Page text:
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Farber A.,Boston Medical Center | Long B.M.,Cedars Sinai Medical Center | Bohannon T.,Scott and White Clinic | Siegal C.L.,New Hill
Journal of Vascular Surgery | Year: 2010

During the past decade, there has been a sharp increase in the number of vascular procedures performed in the United States. Due to the increase in the size of the aging population, this trend is predicted to continue. Despite this, general public knowledge about vascular surgery appears low. This gap may significantly affect the success of vascular surgery as a specialty. To objectively define knowledge about vascular surgery, we administered a questionnaire to both a sample of the general population and medical students. The Vascular Surgery Knowledge Questionnaire (VSQ), a 58-item multiple choice survey, was designed to assess knowledge about the field of vascular surgery, including types of procedures commonly performed, presenting illnesses, training, and financial compensation. VSQ was tested for reliability and validity. It was administered to a sample of the general population (GP) and first year medical students (MS) via a random digit dial telephone survey and a paper-based survey, respectively. VSQ Score was derived by calculating the percent of questions from the 38-item, non-demographic part of the questionnaire answered correctly and expressed in numerical form. The maximum score possible was 100. Statistical analysis was used to assess differences in VSQ scores. Two hundred GP and 160 MS subjects completed the questionnaire. The mean VSQ score for GP and MS groups was 54 and 67 (P < .01), respectively. Forty-one percent of the GP group received a score of less than 50. Only 50% of the GP and 51% of MS cohorts agreed with the statement that vascular surgeons perform procedures on all blood vessels with the exception of the heart and brain. Just 24% of the GP group agreed with the statement that vascular surgeons treat patients with wounds that do not heal. Finally, only half of the GP group agreed that vascular surgeons treat patients with abdominal aortic aneurysms. The GP cohort significantly underestimated the average length of postgraduate training (five years) to become a vascular surgeon. Level of education, income, and residence in the Western states significantly correlated with higher scores. General population subjects who admitted to knowing a vascular surgeon received similar scores to those who did not (58 vs. 53, P >.05). These findings support our hypothesis that there is a significant knowledge deficit among both the general population and medical students about the field of vascular surgery. This has protean implications for the future of our specialty and public health in the United States. © 2010 Society for Vascular Surgery. Source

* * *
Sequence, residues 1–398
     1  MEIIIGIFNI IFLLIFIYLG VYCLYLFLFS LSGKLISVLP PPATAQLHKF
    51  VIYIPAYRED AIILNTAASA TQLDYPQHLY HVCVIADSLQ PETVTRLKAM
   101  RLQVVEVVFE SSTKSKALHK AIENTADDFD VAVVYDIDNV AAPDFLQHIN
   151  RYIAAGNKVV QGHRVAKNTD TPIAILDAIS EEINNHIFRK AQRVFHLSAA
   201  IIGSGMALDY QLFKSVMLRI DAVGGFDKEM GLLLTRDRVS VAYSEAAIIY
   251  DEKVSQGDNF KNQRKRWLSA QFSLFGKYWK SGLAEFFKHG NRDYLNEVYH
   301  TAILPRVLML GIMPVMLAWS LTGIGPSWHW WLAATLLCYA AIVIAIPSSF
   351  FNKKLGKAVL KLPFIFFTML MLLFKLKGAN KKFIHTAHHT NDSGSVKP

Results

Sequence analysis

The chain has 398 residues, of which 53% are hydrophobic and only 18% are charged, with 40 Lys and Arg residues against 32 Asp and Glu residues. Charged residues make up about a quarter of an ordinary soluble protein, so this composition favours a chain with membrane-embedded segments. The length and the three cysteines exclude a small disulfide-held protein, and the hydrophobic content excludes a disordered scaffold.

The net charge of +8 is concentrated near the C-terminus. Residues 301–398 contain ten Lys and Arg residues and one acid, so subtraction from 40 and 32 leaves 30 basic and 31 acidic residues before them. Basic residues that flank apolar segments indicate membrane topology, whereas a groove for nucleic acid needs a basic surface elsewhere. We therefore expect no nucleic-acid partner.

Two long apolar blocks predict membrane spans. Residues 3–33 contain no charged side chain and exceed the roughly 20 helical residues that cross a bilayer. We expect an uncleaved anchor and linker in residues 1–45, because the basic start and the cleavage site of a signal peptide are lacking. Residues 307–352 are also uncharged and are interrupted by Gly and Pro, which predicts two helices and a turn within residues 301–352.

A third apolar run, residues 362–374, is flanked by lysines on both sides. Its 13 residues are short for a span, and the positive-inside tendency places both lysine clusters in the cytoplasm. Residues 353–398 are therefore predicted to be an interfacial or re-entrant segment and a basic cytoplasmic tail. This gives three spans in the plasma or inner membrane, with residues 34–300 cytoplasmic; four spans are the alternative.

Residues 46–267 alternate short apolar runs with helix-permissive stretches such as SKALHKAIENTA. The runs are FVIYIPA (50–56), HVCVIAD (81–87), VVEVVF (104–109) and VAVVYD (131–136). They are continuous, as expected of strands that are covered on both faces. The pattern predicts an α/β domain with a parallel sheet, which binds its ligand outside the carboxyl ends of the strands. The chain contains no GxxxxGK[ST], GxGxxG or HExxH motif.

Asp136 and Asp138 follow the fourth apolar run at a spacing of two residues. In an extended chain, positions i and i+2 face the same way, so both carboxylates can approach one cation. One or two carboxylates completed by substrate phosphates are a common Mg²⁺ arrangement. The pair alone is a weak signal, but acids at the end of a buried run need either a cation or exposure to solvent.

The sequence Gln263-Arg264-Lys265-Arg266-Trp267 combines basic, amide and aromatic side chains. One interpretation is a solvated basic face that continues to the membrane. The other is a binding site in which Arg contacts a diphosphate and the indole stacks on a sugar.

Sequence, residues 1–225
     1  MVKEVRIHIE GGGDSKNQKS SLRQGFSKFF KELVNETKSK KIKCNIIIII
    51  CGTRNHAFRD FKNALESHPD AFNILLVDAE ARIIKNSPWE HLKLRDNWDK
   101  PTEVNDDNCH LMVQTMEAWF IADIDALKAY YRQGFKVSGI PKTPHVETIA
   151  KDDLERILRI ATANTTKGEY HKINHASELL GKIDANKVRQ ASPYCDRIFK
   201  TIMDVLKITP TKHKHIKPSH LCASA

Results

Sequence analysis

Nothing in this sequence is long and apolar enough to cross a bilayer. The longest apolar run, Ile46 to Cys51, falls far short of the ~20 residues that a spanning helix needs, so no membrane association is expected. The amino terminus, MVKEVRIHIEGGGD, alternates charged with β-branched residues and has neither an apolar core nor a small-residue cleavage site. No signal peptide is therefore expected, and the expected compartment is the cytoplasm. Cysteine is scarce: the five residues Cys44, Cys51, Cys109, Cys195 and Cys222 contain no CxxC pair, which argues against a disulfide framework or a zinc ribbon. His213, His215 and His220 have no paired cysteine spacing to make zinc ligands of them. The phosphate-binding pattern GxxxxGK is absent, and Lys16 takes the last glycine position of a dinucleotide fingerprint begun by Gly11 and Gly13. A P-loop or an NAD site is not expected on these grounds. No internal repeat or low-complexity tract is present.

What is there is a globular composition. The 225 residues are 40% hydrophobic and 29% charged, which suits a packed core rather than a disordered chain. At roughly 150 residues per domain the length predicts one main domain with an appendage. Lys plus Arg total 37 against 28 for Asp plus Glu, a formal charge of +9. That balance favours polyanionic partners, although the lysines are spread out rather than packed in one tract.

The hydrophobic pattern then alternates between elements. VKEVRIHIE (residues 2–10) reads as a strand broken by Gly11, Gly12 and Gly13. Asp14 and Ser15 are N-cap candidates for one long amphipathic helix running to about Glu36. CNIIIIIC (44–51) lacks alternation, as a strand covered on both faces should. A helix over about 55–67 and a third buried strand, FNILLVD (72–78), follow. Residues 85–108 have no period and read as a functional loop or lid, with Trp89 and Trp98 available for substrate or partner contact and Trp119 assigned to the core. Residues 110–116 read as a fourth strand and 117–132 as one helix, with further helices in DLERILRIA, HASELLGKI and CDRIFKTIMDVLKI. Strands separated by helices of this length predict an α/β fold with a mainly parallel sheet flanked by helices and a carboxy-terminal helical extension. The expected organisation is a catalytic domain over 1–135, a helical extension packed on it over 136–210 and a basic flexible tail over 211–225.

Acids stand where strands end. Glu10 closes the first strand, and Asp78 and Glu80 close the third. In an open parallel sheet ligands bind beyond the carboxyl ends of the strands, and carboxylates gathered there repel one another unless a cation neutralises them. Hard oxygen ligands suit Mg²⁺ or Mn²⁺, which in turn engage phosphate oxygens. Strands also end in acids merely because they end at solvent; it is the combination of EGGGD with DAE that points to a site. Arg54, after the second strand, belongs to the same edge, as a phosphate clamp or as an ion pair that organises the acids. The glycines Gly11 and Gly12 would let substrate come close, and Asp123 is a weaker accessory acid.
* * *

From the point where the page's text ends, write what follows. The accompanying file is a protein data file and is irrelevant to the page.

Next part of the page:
Zivkovic A.M.,University of California at Davis | Yang J.,University of California at Davis | Georgi K.,University of California at Davis | Hegedus C.,University of California at Davis | And 7 more authors.
Metabolomics | Year: 2012

Immunoglobulin A nephropathy (IgAN) is a leading cause of chronic kidney disease, frequently associated with hypertension and renal inflammation. ω-3 fatty acids eicosapentaenoic acid (EPA) and docosahexaenoic acid (DHA) in fish oil (FO) improve kidney function in animal models, but have inconsistent metabolic effects in humans. Oxylipin profiles in serum from IgAN patients supplemented with either FO or corn oil (CO) placebo were analyzed by liquid chromatography coupled to tandem mass spectrometry. EPA cyclooxygenase and lipoxygenase metabolites, and EPA and DHA epoxides and diols were increased in response to FO supplementation, as were total epoxides and epoxide/diol ratios. Several of these metabolites were drivers of separation as assessed by multivariate analysis of FO patients pre- versus post-supplementation, including 17,18-dihydroxyeicosatrienoic acid, prostaglandin D 3, prostagalandin E 3, Resolvin E1, 12-hydroxyeicosapentaenoic acid, and 10(11)-epoxydocosapentaenoic acid. In patients whose proteinuria improved, plasma total oxylipins as well as several hydroxyoctadecadienoic acids, hydroxyeicosatetraenoic acids, and leukotriene B 4 metabolites were among the metabolites that were significantly lower than in patients whose proteinuria either did not improve or worsened. These data support the involvement of oxylipins in the inflammatory component of IgAN as well as the potential use of oxylipin profiles as biomarkers and for assessing responsiveness to ω-3 fatty acid supplementation in IgAN patients. © 2012 Springer Science+Business Media, LLC. Source